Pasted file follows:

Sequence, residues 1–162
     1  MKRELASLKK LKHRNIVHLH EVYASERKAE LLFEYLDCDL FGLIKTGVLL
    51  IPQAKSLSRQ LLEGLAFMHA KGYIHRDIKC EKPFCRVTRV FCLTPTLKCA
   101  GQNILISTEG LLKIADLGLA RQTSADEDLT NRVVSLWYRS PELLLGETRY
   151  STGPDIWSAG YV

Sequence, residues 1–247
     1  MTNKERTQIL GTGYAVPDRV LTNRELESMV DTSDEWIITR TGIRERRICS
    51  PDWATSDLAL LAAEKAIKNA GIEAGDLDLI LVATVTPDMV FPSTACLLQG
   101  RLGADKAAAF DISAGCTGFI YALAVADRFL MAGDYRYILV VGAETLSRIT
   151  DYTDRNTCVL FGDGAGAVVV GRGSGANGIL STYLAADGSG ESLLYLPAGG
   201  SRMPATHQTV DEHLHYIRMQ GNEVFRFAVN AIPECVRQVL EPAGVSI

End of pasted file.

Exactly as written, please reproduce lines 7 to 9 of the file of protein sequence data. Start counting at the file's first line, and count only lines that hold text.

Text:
     1  MTNKERTQIL GTGYAVPDRV LTNRELESMV DTSDEWIITR TGIRERRICS
    51  PDWATSDLAL LAAEKAIKNA GIEAGDLDLI LVATVTPDMV FPSTACLLQG
   101  RLGADKAAAF DISAGCTGFI YALAVADRFL MAGDYRYILV VGAETLSRIT